What can Ben Bernanke do about America’s deficits?
The Federal Reserve Board has limited powers. “The Fed directly controls very little” says Benn Steil, senior fellow and director of international economics at CFR. It is responsible for setting short-term interest rates, but it cannot directly control legislative policy. This can put a chairman in an awkward position, particularly when legislative bodies make policy that is economically unwise. Still, though the Reserve Board only controls monetary policy, Bernanke will have means of influencing legislation.
Alan Greenspan assumed a role more public than that of most chairmen. N. Gregory Mankiw, professor of economics at Harvard (and chairman of the president’s Council of Economic Advisers from 2003-2005), summarized in an open letter to Bernanke that “Greenspan is a rock star, at least by the standards of the American Economic Association. So high has his profile been that I am surprised that we have not yet seen a TV drama written around the life of a central banker.” Over his tenure at the Federal Reserve, Greenspan spoke up when he felt legislative policy bristled against America’s economic interests.
But a number of economists believe that Greenspan’s outspokenness did harm as well as good. “I often agreed with what Greenspan said,” says Steil, “but he often spoke his mind about areas that were not under his control.” This is a problem, Steil says, both because it has spread the perception that the Fed chairman has more power than he actually does, and because it can lead to instability. In his letter to Bernanke, Mankiw also recommends against Bernanke seeking a high profile: “The central bank’s job is to create stability, not excitement.”
If Bernanke chooses to keep quiet on legislative matters, his monetary policy, in itself, can do only so much to influence the American deficits. Raising interest rates would tend to encourage saving, and could also help bring the lofty real estate market under control. This would almost certainly effect a tightening of American pockets. But experts are uncertain whether such an approach is ideal, especially given that Greenspan has already significantly raised rates. “[Bernanke] may like to slow the housing boom,” says Kubarych, “but my suspicion is that both the consumer and the housing market are going to simmer down on their own. After all, Fed funds are up by nearly 3 ½ percentage points in little more than a year and a half. Bernanke will come in with a much less energized economy.”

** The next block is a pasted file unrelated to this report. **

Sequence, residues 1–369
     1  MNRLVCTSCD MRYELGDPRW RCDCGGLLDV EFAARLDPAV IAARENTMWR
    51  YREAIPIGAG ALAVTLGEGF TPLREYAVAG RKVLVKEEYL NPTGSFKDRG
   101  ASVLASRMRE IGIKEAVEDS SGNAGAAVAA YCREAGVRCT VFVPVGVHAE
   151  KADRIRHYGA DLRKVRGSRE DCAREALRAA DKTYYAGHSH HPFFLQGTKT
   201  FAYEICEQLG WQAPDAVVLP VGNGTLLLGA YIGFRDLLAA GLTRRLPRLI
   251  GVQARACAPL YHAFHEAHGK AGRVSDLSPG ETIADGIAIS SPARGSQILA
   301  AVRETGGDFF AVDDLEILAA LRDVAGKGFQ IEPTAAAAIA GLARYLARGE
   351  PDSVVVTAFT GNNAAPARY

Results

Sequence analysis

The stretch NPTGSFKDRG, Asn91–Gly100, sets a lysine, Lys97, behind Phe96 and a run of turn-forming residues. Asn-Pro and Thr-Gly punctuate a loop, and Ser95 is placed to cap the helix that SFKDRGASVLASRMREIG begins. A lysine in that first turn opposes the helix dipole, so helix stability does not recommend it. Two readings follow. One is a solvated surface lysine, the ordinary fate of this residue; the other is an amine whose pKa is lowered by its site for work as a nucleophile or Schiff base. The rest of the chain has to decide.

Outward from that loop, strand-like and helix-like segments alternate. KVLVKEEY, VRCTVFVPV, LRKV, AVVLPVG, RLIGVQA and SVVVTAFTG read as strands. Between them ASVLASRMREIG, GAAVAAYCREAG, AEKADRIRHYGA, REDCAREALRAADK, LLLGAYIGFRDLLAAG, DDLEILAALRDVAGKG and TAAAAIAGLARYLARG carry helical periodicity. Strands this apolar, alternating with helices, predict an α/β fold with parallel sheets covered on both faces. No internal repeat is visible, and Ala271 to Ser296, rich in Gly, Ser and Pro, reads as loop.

What are the foreign policy implications of America’s deficits?
The need to retain foreign investment: Edwin M. Truman, senior fellow at the Institute for International Economics, says that for the U.S. to support its deficits, it will be absolutely necessary to keep money flowing into the country. To do this, America must effectively market its exports, everything from stocks and bonds to airplanes and automobiles. "It's the issue of confidence," Truman says. "Eighty percent of total holdings of U.S. assets are held by the private sector. It is individuals you have to convince, not only to hold on to their [American] claims, but to add to their claims."